For the final week of the Step & Stretch Challenge I wanted to focus on advanced stretching techniques. These techniques are great for anyone who has their splits and wants a bit of hyperextension, for those looking to get deeper into their splits, or looking for more advanced flexibility.
Hyperextended splits – the goal of many dancers, gymnasts, cheerleaders, etc. Hyperextension can give you beautiful lines, awesome kicks and leaps, and makes it easier to get into advanced leg holds.
Before working on hyperextension it’s important to warm up and do a thorough stretch. In the past, deciding to jump ahead to working on my hyperextension was never a good idea. You can easily pull a muscle if you’re not careful.
The basic principle of stretching for hyperextended splits is to get at least one foot higher than your hips so that your hips are forced to go lower to the ground. A good way to achieve this stretch is to place a yoga block or sturdy object under your front leg, and slowly lower into your splits making sure to only go as far as you feel comfortable.
As you get more comfortable you can increase the height of the object you are using. For example, if you’re using a yoga block you can flip the sides of the yoga block to achieve different heights or stack multiple yoga blocks together.
Once you’re in your split hold for 30 seconds. If you want to go deeper then come out of your splits, rest for a bit, and get back into the stretch.
I ended up using my foam roller to help with my stretching. For beginners, you can always start with a few pillows stacked together or a rolled up yoga mat.
Partner stretching is another great way to increase your flexibility. And the best part? Everyone can do partner stretching no matter what your current level of flexibility is.
One of my favorite forms of partner stretching is called propioceptive neuromuscular facilitation or PNF. This form of stretching helps you achieve a greater range of motion than performing the same stretch on your own.
In the contract-relax version of PNF you contract a muscle against your partner. You can use this form to stretch pretty much any muscle. With this form of stretching your partner will provide resistance for about five second. Then you relax after the stretch for a few seconds, and repeat. Try repeating the stretch between three to six times.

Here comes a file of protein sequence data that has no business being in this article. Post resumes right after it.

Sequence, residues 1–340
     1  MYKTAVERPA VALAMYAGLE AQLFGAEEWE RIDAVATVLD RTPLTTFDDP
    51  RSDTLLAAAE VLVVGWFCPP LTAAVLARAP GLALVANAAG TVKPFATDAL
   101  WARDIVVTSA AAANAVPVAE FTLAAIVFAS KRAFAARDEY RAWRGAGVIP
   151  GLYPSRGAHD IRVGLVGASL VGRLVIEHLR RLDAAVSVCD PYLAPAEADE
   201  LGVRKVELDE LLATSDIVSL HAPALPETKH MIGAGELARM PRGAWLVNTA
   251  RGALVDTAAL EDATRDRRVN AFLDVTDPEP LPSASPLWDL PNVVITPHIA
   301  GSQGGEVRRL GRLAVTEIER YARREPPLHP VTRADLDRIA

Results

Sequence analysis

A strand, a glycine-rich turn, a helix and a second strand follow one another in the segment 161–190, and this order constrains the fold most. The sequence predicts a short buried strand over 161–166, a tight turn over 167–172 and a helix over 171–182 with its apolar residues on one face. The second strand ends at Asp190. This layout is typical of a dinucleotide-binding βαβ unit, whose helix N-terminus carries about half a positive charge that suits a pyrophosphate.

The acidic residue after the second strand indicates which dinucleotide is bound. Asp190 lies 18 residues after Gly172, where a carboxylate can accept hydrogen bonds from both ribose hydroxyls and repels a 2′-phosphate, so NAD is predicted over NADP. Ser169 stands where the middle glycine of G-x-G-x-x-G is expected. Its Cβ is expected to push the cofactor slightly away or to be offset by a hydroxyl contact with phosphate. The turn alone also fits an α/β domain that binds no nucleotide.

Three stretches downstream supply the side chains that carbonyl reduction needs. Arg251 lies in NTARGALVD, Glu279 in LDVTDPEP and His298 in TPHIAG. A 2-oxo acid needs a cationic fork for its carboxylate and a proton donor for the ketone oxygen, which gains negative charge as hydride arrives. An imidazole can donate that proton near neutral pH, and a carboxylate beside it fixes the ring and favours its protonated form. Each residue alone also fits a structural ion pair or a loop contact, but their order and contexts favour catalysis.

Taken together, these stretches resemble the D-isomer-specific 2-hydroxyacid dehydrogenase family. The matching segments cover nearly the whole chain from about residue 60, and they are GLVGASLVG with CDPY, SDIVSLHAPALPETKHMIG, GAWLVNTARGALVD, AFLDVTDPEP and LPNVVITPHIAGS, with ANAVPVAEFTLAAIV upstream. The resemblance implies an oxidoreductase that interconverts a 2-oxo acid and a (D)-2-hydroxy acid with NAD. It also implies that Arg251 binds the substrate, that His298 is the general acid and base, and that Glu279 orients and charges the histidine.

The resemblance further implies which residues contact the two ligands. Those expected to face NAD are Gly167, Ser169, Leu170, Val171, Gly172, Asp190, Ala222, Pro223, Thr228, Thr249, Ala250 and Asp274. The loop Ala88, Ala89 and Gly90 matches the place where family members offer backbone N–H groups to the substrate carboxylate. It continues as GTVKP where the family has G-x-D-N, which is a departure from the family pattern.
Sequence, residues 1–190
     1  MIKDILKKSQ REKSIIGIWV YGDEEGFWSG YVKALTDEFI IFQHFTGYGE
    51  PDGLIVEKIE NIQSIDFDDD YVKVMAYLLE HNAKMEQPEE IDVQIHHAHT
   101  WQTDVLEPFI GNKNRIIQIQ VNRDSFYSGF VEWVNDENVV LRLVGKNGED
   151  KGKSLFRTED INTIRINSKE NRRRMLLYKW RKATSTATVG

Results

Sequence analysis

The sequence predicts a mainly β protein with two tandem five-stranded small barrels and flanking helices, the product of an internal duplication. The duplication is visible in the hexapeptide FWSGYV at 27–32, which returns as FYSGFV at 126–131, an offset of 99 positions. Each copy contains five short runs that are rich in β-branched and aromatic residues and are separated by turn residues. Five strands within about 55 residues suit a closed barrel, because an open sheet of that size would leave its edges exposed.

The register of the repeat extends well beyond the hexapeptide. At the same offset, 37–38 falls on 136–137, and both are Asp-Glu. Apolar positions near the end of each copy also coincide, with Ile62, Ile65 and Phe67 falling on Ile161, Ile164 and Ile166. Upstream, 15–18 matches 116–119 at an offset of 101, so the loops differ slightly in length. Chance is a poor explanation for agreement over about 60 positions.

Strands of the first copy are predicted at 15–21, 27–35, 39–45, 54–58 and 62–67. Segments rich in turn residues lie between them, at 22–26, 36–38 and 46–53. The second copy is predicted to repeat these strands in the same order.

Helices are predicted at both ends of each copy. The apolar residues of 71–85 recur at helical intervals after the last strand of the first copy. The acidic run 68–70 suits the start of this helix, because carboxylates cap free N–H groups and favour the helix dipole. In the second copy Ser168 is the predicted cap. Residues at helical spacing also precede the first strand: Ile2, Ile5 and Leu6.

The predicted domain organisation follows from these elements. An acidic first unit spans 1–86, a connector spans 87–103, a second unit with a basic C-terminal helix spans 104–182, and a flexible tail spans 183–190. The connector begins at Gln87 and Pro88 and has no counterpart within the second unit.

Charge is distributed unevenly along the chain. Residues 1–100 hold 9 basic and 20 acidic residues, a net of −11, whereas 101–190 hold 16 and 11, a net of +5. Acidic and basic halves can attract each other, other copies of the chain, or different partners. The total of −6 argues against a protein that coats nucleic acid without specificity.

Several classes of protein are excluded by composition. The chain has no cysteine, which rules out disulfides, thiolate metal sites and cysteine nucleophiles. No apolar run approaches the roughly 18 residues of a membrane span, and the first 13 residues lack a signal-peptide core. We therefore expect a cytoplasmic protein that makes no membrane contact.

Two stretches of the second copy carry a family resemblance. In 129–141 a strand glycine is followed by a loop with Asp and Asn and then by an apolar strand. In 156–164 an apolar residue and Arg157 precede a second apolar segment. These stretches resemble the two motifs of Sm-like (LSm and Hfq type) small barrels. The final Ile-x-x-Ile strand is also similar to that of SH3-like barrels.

If it’s your turn to be the partner start by finding a wide stance so you don’t lose your balance, and use your core and thigh muscles to provide resistance.
There are a variety of stretches you can do with partner stretching including the butterfly stretch, and neck stretches. My favorite partner stretch to further my splits is the thigh stretch.
- Start laying on your back, and have your partner stand in a wide stance with one leg on each side of your body.
- Raise your right leg and allow your partner to firmly grasp your ankle and knee.
- Keep both of your legs straight, and both hips on the ground.
- Your partner will now provide resistance against your right leg pushing your leg closer to your chest and face.
- Contract your hamstring and push your leg back against your partner.
- Hold for five seconds and then relax for five seconds.
- Repeat three to six times.
- Switch legs.
Backbends don’t really help you achieve the splits, but they are awesome for a few reasons:
- Backbends are a great way to stretch your back.
- Backbends feel pretty darn good.
- Backbends can help you achieve more advanced positions that require back flexibility.
- Backbends are believed to relieve anxiety and stress.
Two common forms of backbends are bent leg and straight leg backbends. The big difference between straight leg and bent leg backbends is that straight leg backbends help push you forward, and open up your shoulders more than a bent leg backbend will.
- Warm up before practicing your backbend with a little down dog and cobra.
- Lie on your back.
- Bend your knees in and bring your feet as close to your butt as possible. Toes pointing forward.
- Bend your arms back and plant your hands near your ears. Fingers pointing towards your feet.
- Push into the ground with your hands and feet, and use your glutes and core to lift yourself off the ground.
- Push your navel and hips up as high as the’ll go.
- If you want a deeper stretch try walking your feet towards your hands.
For both backbends I’m working on pushing my shoulders forward so they line up over my wrists. I’m also working on straightening my legs all the way for the straight leg backbend.
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EDBS blog manager, personal trainer, group fitness instructor, traveler, writer, doggy momma, dancer, and lover of life.